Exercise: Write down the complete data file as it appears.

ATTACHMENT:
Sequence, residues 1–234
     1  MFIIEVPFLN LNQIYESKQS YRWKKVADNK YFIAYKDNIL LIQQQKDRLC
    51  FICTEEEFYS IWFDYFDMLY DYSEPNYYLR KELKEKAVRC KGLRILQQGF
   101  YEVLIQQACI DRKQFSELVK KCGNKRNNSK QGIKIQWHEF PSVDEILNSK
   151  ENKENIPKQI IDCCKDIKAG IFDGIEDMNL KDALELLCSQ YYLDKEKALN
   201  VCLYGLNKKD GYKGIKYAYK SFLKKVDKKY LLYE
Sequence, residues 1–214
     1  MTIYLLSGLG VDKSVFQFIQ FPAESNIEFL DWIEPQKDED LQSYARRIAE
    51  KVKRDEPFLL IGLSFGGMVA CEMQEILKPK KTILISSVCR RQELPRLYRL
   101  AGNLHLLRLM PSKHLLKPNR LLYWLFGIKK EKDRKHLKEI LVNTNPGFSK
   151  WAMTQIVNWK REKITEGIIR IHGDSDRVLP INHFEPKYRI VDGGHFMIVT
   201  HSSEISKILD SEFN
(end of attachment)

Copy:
Sequence, residues 1–234
     1  MFIIEVPFLN LNQIYESKQS YRWKKVADNK YFIAYKDNIL LIQQQKDRLC
    51  FICTEEEFYS IWFDYFDMLY DYSEPNYYLR KELKEKAVRC KGLRILQQGF
   101  YEVLIQQACI DRKQFSELVK KCGNKRNNSK QGIKIQWHEF PSVDEILNSK
   151  ENKENIPKQI IDCCKDIKAG IFDGIEDMNL KDALELLCSQ YYLDKEKALN
   201  VCLYGLNKKD GYKGIKYAYK SFLKKVDKKY LLYE
Sequence, residues 1–214
     1  MTIYLLSGLG VDKSVFQFIQ FPAESNIEFL DWIEPQKDED LQSYARRIAE
    51  KVKRDEPFLL IGLSFGGMVA CEMQEILKPK KTILISSVCR RQELPRLYRL
   101  AGNLHLLRLM PSKHLLKPNR LLYWLFGIKK EKDRKHLKEI LVNTNPGFSK
   151  WAMTQIVNWK REKITEGIIR IHGDSDRVLP INHFEPKYRI VDGGHFMIVT
   201  HSSEISKILD SEFN